The United States journal, the National Catholic Reporter, has been interviewing people on what the experience of Covid-19 and its consequences might have to teach us about Church and world, and our faith.
Some of the responses they have received are posted below.
Catholic parishes across the world are closed. Millions of Catholics have been unable to physically take part in the celebration of the Mass for weeks, and they may not be able to again for months.
Simply put, the coronavirus pandemic is fundamentally changing how we do and be church.
What could these changes mean for us in the long-term? How will they affect us in the years to come, well after the initial threat of the pandemic has passed?
Over the past week, NCR surveyed two dozen theologians, social directors, non-profit leaders and pastors, asking them each to consider these questions. We’re presenting the answers over the next three days.
Today, we focus on questions of community. In the following days, we’ll focus separately on questions of church governance and the church’s social mission.
Recognizing the whole
SSr. Simone Campbell is executive director of Network, a Catholic social justice lobby.
When this coronavirus pandemic abates, I pray that we as a church will have awoken to the fact that we are indeed one body. As one body, we have a shared responsibility for each other. Pope Francis and the popes before him are correct when they say that the economy should serve people, not the other way around.
If we learn this lesson, then the Gospel will live in our lives in new ways.
Healthcare will be seen as a faithful mandate of Jesus’ care for the lepers, the blind man and the widow whose son has died. Health care will return to being a ministry that as a matter of faith must be given to all. Health care will cease being big business that is exploited by the pharmaceutical companies and the hospital systems.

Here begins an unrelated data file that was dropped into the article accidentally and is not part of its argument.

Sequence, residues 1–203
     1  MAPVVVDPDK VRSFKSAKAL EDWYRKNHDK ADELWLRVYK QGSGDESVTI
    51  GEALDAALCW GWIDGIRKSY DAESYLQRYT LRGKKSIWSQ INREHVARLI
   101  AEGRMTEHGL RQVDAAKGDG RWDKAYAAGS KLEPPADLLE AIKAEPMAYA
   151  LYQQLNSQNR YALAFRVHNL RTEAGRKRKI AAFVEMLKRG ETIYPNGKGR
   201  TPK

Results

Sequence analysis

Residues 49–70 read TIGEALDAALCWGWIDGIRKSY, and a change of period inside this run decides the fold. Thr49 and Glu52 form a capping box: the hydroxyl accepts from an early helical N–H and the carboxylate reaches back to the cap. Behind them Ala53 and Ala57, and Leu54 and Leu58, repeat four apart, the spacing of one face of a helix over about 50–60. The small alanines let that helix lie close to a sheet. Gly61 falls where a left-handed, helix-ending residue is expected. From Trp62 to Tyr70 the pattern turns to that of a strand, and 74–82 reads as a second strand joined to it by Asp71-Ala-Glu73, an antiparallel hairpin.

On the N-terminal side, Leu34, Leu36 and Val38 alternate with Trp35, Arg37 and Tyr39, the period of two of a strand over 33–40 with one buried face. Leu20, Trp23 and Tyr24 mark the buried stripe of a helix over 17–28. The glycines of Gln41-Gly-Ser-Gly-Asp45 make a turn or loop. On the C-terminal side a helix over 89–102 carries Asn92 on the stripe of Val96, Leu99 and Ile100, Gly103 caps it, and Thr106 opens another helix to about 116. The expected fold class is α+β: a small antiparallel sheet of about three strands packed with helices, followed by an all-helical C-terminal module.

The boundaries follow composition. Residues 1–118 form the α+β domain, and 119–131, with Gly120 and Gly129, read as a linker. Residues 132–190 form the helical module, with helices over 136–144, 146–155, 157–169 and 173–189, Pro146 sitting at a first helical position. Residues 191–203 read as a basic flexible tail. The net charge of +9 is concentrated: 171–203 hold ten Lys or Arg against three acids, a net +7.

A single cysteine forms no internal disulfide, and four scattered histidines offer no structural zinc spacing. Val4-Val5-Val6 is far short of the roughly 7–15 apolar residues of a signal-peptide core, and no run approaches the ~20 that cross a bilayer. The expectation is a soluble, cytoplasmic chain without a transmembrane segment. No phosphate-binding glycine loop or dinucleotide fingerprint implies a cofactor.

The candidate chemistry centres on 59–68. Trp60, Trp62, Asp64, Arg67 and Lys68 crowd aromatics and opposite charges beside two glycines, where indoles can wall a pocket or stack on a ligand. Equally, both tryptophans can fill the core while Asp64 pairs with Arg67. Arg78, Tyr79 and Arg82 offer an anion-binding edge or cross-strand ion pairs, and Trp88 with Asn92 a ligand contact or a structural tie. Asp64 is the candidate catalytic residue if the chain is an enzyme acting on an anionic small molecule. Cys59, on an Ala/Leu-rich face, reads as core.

Wages to support a family will be a matter of justice, both within the church and outside it. Wages sufficient to allow all to live in dignity are key to the survival of this one body. Maybe we will learn the lesson that when people have the reality of enough to live on, then they can invite others into their lives. Inviting others in is the heart of a flourishing church.
When this is over, I pray that we learn the lesson as one church that Jesus calls this body to be whole. Working for justice becomes seen commonly as a Gospel mandate. COVID-19 has made us aware of our interconnectedness beyond racial and economic divides. Let us learn that this one vulnerable body can be vibrant church when we work together for justice and the wellbeing of the whole.
A paradox of incarnation
Lisa Fullam is a professor of moral theology at the Jesuit School of Theology of Santa Clara University in California.
The effect of COVID-19 on the church is a paradox of incarnation. On one hand, our communities are less physical, less incarnate: A simple hug, coffee with a friend, gathering for church, are put on hold for the indeterminate duration. Priests webcast from empty churches; the faithful participate from home. The profound physicality of the sacraments is absent.